Within a year they were nose-to-nose, comparing the Holocaust with a century of Palestinian misery at the hands of rulers from the Turks to the British to the Israelis. They hashed through points of history and theology that have been the fount of conflict for millennia.
They discovered tripwires in their own language, subtle stereotypes that blocked understanding. Are Christians smug in their majority power? Are Jews arrogant about Israel? Are "true" Muslim women suppressed?
Yet with every debate, they grew closer to understanding one another's beliefs. And to their surprise, each found the religion she really learned was her own. Each woman read deeper into the Bible or Quran and wider among commentators on theology and history, no longer relying on myth, hearsay or even someone's sermon.
Interfaith dialogues aren't new. But few have lasted four years, reaching such a level of spiritual intimacy as the Faith Club. "Once we began exchanging vulnerabilities, there was no going back," Warner recalls.
Over time, they met, wrote letters, e-mailed or called each other so often they came to hear one another's voices in their heads. "I knew," Idliby says, "if I couldn't present myself as a Muslim in this group, there was no hope for me outside it." She's angry that the media focus on "the most fundamentalist side of Islam" instead of the full spectrum of ways to believe in and practice the faith. She wants to shout out, "How dare you! Don't tell me that is Islam. ... Nowhere in the Quran does it say, 'Kill and you will be rewarded.' "
Through the Faith Club, Idliby says she has found a way to speak out about "plurality, diversity and flexibility among Muslim believers," just as there is among Christians and Jews.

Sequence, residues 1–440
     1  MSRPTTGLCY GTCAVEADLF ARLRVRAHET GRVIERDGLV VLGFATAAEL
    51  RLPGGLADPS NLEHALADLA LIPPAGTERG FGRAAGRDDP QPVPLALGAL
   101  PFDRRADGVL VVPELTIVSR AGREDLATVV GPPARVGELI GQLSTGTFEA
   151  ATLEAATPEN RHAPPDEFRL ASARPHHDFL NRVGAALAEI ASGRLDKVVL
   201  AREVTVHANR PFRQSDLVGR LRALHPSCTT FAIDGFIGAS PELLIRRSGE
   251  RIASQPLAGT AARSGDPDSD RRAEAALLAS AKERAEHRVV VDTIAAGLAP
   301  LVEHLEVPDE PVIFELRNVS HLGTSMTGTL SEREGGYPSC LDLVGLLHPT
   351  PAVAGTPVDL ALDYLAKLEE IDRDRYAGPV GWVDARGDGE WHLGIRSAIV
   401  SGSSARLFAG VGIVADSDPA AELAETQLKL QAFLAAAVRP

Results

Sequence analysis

Oliver remembers how their conversations pushed her to "find what is vital in my own Christianity. ... I never read the Bible on my own until this project."
In deep conversation over the meaning of suffering, salvation and sacrifice, Oliver has come to think of Jesus' crucifixion "not of what God has done for me. It's what God has done for everybody, God's empathy for our suffering. It's that death is not the end."
Oliver finds herself speaking up in church and Sunday school, and wherever she goes, offering "a voice of liberal Christianity, a voice for people like me who are reluctant to speak up when fundamentalists seem to get all the media attention." Speaking up is essential because "without our just and moral actions, God isn't present."
Warner was stunned to learn from Idliby that a Muslim's five prayers a day each begins with praying for the whole Abrahamic family — for Christians and for Jews.
"Once you dip your toe into conversations like this, you have to jump in all the way," Warner says.
Everywhere they go, people who already have heard of the book say they want to start their own clubs.
There are stumbling blocks, however. Will everyone be as open, as bold, as willing to press on with these women's mantra of absolute honesty, constantly asking one another, "What do you really think?"
For anyone who reads the Quran or the Bible literally, rather than metaphorically or in cultural context, the women say, their views will be too liberal. For people who believe there is exactly one way to one heaven, described and delineated only by their own faith, "The Faith Club" may not offer a template.
Yet to them, the women all offer a quote from Idliby's imam, the prayer leader where she worships: "There is no temporal judge of faith on this earth."